No Man's Sky Can Drop to 13FPS, But There's an Easy Workaround

The PS4 version of the space game has been analyzed.

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Now Playing: GS News Update: No Man's Sky Can Drop to 13FPS, But There's an Easy Workaround

Digital Foundry today posted its performance analysis for No Man's Sky, and while the overall take is positive, the site found that the space game's frame rate could drop significantly in some places.

30FPS is the target on PlayStation 4, but it can dip well below this--Digital Foundry reported one sequence when it fell to 13FPS--when the game engine is stressed. This can happen when you land on a new planet and then immediately boost across the surface, near to the ground.

"In this case, the PS4 is struggling to meet the 33.3ms per-frame render time, while generating new scenery and details on the fly," the report said. "These are calculations made a split-second before revealing the new terrain or object, and when it can't keep up, we see dips to the 20FPS line, and sometimes even lower."

According to Digital Foundry, this drop in frame rate is not always related to what's going on in the environment. Instances of lower frame run for as long as players boost full speed in any one direction. There is quite a simple workaround for this, it seems.

"Once you double back on yourself with a full 180 turn, or even slow down, suddenly we're back to an even 30FPS again. From here, the frame rate issues disappear once you start moving again," Digital Foundry said.

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Why does the frame rate drop like this? Digital Foundry believes that it might have something to do with No Man's Sky's procedurally generated worlds.

"Everything has to be calculated ad hoc. These drops are essentially a trade-off for not having any loading times, and letting everything render in seamlessly," it said. "It's a distraction for sure, but equally, it does takes a very deliberate course of action to make it happen. Bringing the game back to 30FPS is also easy, and overall, it's worth putting up with to enjoy the game's unique, seamless approach to exploration."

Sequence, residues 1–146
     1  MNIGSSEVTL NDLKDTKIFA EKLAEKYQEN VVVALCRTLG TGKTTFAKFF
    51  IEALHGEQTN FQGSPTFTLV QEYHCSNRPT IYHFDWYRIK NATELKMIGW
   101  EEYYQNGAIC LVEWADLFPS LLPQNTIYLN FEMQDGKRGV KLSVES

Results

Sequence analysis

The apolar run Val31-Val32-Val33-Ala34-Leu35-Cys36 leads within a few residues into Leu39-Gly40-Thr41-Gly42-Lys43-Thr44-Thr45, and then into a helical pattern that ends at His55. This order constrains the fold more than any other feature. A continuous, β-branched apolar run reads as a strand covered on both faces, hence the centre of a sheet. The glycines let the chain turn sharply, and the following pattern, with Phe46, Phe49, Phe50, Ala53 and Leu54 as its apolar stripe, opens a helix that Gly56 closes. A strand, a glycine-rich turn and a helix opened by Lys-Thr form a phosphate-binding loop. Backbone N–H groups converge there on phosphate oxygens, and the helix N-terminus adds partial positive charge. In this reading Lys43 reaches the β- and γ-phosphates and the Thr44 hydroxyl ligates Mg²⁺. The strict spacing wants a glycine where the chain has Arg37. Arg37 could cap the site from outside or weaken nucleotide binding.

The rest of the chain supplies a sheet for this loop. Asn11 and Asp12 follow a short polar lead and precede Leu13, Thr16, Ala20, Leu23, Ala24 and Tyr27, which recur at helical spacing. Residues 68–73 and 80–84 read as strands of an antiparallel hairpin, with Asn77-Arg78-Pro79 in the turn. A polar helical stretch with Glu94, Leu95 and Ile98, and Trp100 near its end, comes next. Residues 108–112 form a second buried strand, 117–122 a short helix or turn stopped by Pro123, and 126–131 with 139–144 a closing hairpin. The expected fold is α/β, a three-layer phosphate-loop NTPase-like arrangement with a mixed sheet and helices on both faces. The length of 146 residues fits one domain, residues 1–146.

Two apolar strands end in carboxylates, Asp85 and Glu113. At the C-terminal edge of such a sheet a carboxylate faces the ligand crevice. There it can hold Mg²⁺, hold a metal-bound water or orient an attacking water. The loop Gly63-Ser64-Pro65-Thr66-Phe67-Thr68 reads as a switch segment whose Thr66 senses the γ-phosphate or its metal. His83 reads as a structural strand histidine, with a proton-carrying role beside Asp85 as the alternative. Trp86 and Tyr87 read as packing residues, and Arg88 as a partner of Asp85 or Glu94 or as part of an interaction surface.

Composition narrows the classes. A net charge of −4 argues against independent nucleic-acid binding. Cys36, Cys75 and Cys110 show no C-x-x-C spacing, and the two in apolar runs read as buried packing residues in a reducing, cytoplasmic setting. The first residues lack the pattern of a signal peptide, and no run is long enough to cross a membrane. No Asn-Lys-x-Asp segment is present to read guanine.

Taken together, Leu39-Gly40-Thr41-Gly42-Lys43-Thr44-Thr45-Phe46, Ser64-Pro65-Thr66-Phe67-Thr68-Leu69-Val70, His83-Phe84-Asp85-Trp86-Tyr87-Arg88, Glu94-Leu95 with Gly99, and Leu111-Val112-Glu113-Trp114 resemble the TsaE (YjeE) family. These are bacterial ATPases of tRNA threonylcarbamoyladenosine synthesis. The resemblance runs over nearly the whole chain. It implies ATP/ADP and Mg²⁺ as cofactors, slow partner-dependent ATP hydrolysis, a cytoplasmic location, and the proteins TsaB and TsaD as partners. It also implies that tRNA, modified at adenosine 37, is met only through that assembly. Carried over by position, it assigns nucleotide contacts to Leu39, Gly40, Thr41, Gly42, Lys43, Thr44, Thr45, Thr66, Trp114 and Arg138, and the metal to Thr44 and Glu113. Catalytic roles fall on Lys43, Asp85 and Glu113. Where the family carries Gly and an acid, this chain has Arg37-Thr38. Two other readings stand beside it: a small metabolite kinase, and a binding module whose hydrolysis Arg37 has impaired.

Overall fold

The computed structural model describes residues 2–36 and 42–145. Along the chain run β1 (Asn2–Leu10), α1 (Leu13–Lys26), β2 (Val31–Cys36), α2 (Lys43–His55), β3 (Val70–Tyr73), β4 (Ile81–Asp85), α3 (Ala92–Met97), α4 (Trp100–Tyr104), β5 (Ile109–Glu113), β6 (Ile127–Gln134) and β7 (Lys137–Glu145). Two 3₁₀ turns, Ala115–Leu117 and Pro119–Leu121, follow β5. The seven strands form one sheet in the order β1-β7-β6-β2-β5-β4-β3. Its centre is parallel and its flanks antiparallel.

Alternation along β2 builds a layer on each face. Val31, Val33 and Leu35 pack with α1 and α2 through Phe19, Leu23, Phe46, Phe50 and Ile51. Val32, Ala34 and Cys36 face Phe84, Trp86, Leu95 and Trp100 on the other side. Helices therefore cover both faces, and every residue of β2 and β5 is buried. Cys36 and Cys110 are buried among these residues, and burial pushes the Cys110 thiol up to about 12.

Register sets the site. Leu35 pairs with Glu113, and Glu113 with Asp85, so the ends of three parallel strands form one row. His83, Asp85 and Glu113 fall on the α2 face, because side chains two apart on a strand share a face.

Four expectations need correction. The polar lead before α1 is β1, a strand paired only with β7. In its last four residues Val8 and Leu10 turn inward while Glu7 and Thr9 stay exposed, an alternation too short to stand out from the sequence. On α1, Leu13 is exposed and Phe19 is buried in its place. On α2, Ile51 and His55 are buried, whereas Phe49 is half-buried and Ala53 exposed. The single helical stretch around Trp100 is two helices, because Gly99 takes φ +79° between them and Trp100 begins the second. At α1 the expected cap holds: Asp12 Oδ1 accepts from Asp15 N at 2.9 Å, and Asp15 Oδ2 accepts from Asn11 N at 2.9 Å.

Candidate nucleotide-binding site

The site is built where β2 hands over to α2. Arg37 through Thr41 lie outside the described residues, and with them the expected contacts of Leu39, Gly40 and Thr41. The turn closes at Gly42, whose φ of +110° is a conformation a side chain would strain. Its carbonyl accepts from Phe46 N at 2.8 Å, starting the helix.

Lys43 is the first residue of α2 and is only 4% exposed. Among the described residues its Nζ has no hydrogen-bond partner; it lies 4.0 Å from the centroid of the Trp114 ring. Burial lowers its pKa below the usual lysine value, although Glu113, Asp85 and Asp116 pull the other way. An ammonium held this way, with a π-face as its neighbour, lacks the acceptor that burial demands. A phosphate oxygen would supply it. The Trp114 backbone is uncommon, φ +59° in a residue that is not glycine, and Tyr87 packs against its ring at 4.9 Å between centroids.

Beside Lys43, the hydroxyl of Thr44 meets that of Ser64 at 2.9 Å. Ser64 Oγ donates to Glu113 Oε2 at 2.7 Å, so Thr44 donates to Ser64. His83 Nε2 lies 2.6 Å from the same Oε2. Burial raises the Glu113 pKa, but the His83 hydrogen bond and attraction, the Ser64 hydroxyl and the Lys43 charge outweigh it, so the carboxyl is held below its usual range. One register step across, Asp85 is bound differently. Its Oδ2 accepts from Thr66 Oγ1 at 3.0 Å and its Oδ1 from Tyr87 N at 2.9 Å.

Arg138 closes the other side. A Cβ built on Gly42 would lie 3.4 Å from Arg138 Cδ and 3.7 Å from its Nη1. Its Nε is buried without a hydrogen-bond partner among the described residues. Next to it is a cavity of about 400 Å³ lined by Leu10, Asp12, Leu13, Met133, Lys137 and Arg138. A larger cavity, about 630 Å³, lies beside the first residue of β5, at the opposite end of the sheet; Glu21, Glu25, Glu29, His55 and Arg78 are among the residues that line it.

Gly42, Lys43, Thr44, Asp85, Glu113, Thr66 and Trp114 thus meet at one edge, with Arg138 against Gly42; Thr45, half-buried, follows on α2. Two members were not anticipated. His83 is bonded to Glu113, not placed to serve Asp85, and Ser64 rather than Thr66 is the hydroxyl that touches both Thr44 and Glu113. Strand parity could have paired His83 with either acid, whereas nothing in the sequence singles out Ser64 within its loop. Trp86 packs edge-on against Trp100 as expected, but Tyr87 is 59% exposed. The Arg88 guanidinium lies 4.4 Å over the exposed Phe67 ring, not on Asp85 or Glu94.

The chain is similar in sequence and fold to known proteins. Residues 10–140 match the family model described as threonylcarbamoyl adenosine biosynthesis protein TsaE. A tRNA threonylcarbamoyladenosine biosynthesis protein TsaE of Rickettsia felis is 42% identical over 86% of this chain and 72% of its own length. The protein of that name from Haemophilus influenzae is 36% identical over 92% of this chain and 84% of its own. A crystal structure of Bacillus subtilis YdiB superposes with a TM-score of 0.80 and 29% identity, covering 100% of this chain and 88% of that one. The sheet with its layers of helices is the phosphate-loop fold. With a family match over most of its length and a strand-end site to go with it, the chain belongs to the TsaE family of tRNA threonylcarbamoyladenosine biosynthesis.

Elsewhere in the performance analysis piece, Digital Foundry said No Man's Sky holds on to its 30FPS target well throughout the game (except for what was mentioned above). Additionally, the game runs at a native 1080p resolution.

It could be that the PC version of No Man's Sky ends up looking and performing the best, at least for people who have a capable gaming rig. After a delay, No Man's Sky comes to PC on August 12.

You can read Digital Foundry's full No Man's Sky performance analysis here; note that it's only for the PS4 edition.

Earlier this week, Hello Games boss Sean Murray said No Man's Sky is a "weird" and "niche" game that "might not be for everyone." He also stressed that No Man's Sky "is not a multiplayer game." The chances of two players meeting in the universe is "pretty much zero," Murray explained.

For more on No Man's Sky, check out GameSpot's review in progress, while this post rounds up everything you need to know about it.

In other news, developer Hello Games has revealed it's working on an unannounced game as part of its effort to be the "Johnny Depp of studios."

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